Editorial: Long Live EDM by Marisa Bianco

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There is no denying that throughout history, music has had an integral influence on society. While it pushes boundaries, rallies its supporters, and opens minds to new ways of thinking, it also has caused serious backlashes. Sometimes, people who are afraid of or do not understand change can be ignorant to new sounds and strong followings.

Electronic dance music is a genre that has been developing and rising for years, coming from underground warehouses and growing to sell out places like Madison Square Garden and even the infamous Radio City Music Hall. Although it has come from humble and underground beginnings, it is becoming more mainstream all over the world, especially in America. It also has, unfortunately, been the target of many negative opinions and stereotypes, being perceived as a culture of drug addicts and crazed freaks.

Let it be known right now; EDM is for people who are looking for music when words cannot be found. It is for people who can appreciate the rise and fall of a beat, understand the camaraderie of a crowd gathered to enjoy a show, and to express themselves without judgment.

I have heard many people who have never been to an EDM concert or music festival call them “raves“, and yet discuss the rampant drugs and alcohol. I will not deny or excuse those who do drugs. However, the emphasis should not be on them, it should be on the music. Kaskade, perhaps one of the biggest advocates for a sober EDM community, put it eloquently when he said in his blog post ‘No One Knows Who We Are’:

“Back when warehouses were being broken into, fire codes were ignored, dodgy generators were powering a massive sound system and restrooms were non-existent. This was a time that safety probably wasn’t exactly job one. Things were smaller then, though. There weren’t tens of thousands of people looking to gather in one place, not like now. This scene has grown, and in response to the people it serves, it has grown up.”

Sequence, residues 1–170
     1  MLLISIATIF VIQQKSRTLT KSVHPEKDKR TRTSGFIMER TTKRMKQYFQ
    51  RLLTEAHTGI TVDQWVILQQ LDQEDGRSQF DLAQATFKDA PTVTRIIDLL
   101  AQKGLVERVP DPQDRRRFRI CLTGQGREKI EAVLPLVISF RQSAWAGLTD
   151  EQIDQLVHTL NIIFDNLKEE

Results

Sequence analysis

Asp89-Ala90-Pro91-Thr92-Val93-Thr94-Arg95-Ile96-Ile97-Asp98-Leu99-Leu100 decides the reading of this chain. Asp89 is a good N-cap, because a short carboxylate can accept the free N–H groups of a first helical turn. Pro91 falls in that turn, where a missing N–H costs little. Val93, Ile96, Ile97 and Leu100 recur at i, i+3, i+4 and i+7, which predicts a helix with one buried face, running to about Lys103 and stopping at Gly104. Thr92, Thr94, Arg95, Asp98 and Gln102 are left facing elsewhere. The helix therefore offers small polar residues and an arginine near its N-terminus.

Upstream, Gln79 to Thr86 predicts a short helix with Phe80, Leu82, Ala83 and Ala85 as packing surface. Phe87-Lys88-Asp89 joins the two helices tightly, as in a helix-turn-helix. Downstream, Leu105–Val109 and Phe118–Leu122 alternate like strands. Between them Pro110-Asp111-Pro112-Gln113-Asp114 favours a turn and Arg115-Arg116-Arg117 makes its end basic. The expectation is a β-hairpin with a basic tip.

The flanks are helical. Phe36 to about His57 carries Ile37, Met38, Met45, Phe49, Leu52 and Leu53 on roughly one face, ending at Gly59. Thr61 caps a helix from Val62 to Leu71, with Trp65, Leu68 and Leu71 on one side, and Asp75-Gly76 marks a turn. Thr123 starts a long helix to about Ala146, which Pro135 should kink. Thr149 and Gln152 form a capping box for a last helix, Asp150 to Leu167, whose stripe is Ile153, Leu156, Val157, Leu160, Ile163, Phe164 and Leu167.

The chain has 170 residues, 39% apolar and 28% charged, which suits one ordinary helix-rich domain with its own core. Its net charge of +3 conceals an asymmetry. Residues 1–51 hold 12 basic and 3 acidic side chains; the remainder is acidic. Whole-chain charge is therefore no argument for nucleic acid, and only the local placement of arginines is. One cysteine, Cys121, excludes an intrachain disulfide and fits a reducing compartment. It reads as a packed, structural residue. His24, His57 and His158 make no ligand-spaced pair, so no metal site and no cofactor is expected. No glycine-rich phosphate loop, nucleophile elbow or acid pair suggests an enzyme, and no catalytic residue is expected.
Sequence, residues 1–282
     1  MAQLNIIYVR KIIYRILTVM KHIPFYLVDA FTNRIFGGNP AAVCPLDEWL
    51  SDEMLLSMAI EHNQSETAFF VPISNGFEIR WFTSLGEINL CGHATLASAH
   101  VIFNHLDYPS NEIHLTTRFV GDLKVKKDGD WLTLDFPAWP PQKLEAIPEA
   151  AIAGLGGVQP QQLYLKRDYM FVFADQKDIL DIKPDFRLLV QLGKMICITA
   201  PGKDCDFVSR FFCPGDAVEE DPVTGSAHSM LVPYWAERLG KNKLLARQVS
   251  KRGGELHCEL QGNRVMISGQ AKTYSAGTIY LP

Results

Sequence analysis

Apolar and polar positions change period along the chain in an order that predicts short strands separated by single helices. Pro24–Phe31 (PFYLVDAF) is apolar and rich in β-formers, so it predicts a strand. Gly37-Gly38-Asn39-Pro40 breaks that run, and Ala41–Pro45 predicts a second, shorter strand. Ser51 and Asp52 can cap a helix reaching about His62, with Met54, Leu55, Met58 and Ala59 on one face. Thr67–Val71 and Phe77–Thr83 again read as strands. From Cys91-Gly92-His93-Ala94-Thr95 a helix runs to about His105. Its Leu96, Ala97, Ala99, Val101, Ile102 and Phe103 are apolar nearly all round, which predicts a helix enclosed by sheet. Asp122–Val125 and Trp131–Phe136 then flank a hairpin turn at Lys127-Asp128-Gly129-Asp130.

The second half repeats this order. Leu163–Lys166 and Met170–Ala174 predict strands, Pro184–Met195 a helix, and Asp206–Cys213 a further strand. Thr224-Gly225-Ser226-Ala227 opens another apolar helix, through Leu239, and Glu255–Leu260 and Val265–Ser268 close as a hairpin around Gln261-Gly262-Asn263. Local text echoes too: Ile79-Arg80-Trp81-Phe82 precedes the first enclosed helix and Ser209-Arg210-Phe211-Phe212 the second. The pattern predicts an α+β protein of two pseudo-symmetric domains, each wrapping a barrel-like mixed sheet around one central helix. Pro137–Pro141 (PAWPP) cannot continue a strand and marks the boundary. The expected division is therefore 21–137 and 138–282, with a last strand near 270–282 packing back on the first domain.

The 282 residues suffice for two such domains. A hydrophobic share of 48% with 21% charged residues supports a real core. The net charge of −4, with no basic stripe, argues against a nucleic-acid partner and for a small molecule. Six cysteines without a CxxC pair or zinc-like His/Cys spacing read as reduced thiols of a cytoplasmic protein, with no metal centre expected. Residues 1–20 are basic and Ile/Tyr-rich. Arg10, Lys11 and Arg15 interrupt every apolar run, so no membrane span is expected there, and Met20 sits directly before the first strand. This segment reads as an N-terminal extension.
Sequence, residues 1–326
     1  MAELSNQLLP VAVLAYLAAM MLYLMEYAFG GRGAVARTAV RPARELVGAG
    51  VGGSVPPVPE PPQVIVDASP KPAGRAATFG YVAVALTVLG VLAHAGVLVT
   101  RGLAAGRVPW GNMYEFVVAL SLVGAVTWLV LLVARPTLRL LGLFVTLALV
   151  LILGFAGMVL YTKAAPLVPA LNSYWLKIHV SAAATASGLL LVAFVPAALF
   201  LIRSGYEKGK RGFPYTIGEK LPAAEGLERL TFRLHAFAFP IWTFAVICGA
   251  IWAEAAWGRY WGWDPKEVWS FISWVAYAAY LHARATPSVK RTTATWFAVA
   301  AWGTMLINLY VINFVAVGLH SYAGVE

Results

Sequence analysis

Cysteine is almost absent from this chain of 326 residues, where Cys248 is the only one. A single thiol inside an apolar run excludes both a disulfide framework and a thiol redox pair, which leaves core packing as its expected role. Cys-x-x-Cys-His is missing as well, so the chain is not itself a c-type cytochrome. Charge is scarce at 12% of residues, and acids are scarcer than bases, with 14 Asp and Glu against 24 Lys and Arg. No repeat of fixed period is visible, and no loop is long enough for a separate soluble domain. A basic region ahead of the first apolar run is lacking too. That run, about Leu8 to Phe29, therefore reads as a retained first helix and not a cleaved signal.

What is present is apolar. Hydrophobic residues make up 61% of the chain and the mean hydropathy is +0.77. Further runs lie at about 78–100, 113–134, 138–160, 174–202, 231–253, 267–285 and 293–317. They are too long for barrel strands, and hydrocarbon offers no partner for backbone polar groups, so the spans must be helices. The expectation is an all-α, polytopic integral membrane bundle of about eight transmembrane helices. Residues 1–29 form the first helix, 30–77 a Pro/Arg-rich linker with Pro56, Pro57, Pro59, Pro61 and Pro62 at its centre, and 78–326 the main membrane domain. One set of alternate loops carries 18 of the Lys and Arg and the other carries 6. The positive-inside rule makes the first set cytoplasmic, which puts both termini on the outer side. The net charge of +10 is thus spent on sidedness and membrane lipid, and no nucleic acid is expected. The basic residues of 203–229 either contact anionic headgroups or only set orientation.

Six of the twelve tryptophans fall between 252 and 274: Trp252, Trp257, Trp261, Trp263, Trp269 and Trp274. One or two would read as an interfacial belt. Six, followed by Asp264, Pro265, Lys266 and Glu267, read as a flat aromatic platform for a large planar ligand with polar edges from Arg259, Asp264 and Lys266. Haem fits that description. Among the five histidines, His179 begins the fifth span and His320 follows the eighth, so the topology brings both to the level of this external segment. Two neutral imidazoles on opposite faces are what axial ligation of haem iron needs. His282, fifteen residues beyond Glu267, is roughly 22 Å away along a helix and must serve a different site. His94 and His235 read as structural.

The reality is drugs are out there no matter the place or people. Take a trip to any NYC club and you’ll find plenty of sober individuals who are looking to dance and have a good time. Walk a block or two in the wrong direction, and you’ll likely find an addict laying in the streets begging for money. Don’t blame the music, the club promoters, or the artists.

Another issue we hear is that electronic music is not “real” music. The basis of house music is a 4×4 percussive beat, typically paired with elements like hi-hats and basslines. Then notes – yes, electronic ones but real musical notes nonetheless – are added. There is a myriad of musical styles and components that can be infused into a song. DJs Steve Angello and Sebastian Ingrosso, before they became two thirds of the popular Swedish House Mafia, made a song called “Umbrella.” This tech house track features a synth lead and Spanish guitar. Is this not an instrument? Today, many artists in the industry ranging from R&B’s Usher to alternative rock’s Florence + the Machine have sampled popular house songs, collaborated with DJs, and have included fundamentals like dubstep into their songs. Those who think they dislike EDM because their notion of dubstep is that it sounds like “two robots fighting” need to listen up. Perhaps you prefer the darker sounds of Dirty Dutch, the harmonic trance resonances, or drumbeats of electro, but regardless of your taste, there are many sub genres that express various feelings and sounds, each unique and each equally worthy of a listen.

To add insult to injury, I find that people’s initial impression of a DJ is someone who puts on an already produced track and merely presses some magical remix button. They render them “talentless.” This is not the case, which anyone who has done anything as basic as playing the recorder in 3rd grade would know. Besides the considerations of rudimentary music principles like tonality and tempo, I beg of you to try synchronizing four turntables and seamlessly segue from song to song for three hours straight. The German DJ Thomas Gold, for example, has been working and honing his skills since childhood. He incorporates live musicians into his performance and does not use a laptop during his set.

So while there are those who doubt the validity of EDM, it is still rapidly gaining popularity and becoming mainstream. You cannot turn on the radio without hearing a clip, a sample, or a full-out electronic dance music track. Festivals like the Electric Daisy Carnival are adding cities to become national tours, and attendance in the hundred of thousands is exponentially growing each year.

EDM is simply the newest target in the media’s quest for an answer to the unfortunate things that happen in this world. The Who and Led Zepplin were blamed for creating a revolutionary attitude with their listeners. Rap was blamed for violence and the degradation of women. EDM is under attack and taking the blame for drug use. I know that for me and for many others, the music alone is my high.

Marisa Bianco for EDMNYC

PS: Want to comment on my article? Tweet me @playpau5le7el and let me know what you think!

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